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Brace for huge oil volatility

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Oil prices are likely to be extremely volatile in the next few years, driven by supply constraints rather than demand as financing for new production evaporates in favour of renewables, U.S.-based Castleton Commodities International said.

“You could see spikes to even higher than $100 a barrel, even $130, and you could also see it go down to $35 a barrel for periods of time going forward,” William Reed II, CEO of Castleton, told the FT Global Commodities Summit. “The question is what happens first. Peak demand or peak investment?”

His comments echo those of European rivals who see a return to $100 per barrel oil as a real possibility. read more Oil has not been above $100 or even $90 a barrel since a sharp downturn in 2014 when the rise of U.S. shale oil convulsed global markets.

Reed said an immediate decarbonisation of the world was risky and not possible. He sees Castleton continuing to focus on natural gas and power markets as demand for these will rise with the energy transition. Picking new investments has become more of a challenge in terms of making sure they meet the returns hurdle and do not become stranded in the transition.

Reed sees a longer term role for natural gas for heating and electrification, adding that Castleton was looking to reduce the carbon footprint of its natural gas with investments in hydrogen and a carbon capture pipeline.

He said the oil price rebound was not linked to a broader super cycle as it moves around the $70 a barrel mark.

Metals like copper and aluminium recently hit multi-year highs and new infrastructure needs to meet power demands in the energy transition are set to spur even higher prices.

“You’re seeing a recovery from COVID … These (oil) prices of $60 or $70 (a barrel) are not that shocking. We’ve been in that neighbourhood for quite a while, that’s quite middle of the road,” he said.

He expects demand to be largely back to pre-COVID levels by the end of this year, depending on the oil product, the risk of COVID variants and emerging market access to vaccines.

reuters



6 Comments on "Brace for huge oil volatility"

  1. Outcast_Searcher on Sat, 19th Jun 2021 2:11 pm 

    LOL.

    Looking at a long term WTI chart, WHEN have crude prices NOT been volatile (over a few year timeframe) since, say, June 1973.

    (And they were volatile before that, just less wildly volatile).

    And yeah, rising demand will tend to rising prices, so no surprise re the trend since since last spring’s panic selloff as Covid-19 and shutdowns took hold on the globe.

    https://www.macrotrends.net/1369/crude-oil-price-history-chart

  2. makati1 on Sat, 19th Jun 2021 4:19 pm 

    Outcast, you are correct. I ignore oil prices as they will be all over the chart. I know that what goes up will come down. High prices mean fewer buyers and less profit.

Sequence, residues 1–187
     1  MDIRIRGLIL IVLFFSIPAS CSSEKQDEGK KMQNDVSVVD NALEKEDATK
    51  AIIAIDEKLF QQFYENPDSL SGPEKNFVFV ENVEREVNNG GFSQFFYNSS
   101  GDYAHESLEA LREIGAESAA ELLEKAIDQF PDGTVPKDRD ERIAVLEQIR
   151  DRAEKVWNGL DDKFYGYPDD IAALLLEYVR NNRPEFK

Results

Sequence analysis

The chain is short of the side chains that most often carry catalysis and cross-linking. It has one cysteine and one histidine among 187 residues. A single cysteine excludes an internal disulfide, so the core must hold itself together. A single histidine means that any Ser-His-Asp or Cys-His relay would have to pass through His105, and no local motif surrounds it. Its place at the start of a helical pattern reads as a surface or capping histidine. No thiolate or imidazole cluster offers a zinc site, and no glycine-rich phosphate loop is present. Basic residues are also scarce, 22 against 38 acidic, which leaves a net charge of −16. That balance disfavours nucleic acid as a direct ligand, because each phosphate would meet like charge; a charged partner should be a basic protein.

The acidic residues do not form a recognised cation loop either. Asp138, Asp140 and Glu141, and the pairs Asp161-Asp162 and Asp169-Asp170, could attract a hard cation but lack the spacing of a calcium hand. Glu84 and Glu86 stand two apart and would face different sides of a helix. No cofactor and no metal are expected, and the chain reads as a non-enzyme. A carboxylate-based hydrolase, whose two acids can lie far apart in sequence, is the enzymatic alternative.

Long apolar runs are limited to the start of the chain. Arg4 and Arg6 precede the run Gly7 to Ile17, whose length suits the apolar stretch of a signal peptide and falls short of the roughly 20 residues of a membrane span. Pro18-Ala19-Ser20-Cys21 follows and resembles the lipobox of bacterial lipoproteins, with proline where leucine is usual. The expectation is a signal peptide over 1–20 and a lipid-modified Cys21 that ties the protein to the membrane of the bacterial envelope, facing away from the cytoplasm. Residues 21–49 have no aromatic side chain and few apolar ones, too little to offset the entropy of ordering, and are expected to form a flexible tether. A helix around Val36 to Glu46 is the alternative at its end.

But then oil is sold at way below its true value. That is why we burn too much. How much prime steak would you eat if it was only 25 cents a pound? Or Chivas Regal, 25 year old scotch, was $1 per gallon? LOL

  3. ANAL REAPER on Sat, 19th Jun 2021 7:06 pm 

    FUCK YOU NIGGER

  4. Outcast_Searcher on Mon, 21st Jun 2021 1:44 pm 

    Makati1: Yet, OTOH, the market is a far better determinant of what a commmodity (or any product) is worth, than random opinions from the peanut gallery.

    What is crude’s “true value” in a decade, if PHEV’s and BEV’s completely dominate car sales in the first world, for example?

    There is certainly downside risk, although I think the transition will be FAR less rapid than the “super green” folks like to claim, while they try to pump TSLA.

    For one thing, given its lack of infrastructure, which will tend to continue, it will take DECADES longer for the third world to fully support a high proportion of BEV transport than will be likely for the first world –presuming cost and battery improvements move the market very strongly toward BEV’s in the first world by, say, 2035.

    Either way, it’s clear no one can reliably predict what oil prices “should” be. If they could, then exploiting the volatility with options, they could literally acquire wealth that would make Bill Gates look poor over time, given the potential profits from reliably being “right” re short term market direction on crude.

  5. makati1 on Mon, 21st Jun 2021 4:46 pm 

    Outcast, the “Market” suckers are brainwashed by the corporations that own them, you included, it seems. I don’t gamble in the market, and never did, so I don’t care if it fails today. In fact, I hope it does. DOW <10,000 would be a more realistic value.

    A gallon of gasoline will take an average car about 20 miles. How many men would it take to push that same car those 20 miles and how long? What would that cost in dollars for labor? THAT is the true worth of oil, not the cheap throwaway price we have enjoyed.

    But, I suspect we will soon pay the true price. The loss of everyth9ng that depends on cheap oil, including our cushy lifestyle. I have moved away from that scenario. The Philippines uses 1/20 the amount of oil, per capita, than Amerikans use. My lifestyle will not change much. ^_^

  6. pat on Thu, 24th Jun 2021 5:53 pm 

    The Oil is going to break all previous high of $147.27 (July 2008) to new record of $200. World beging see OIL SHORTAGES. prepare

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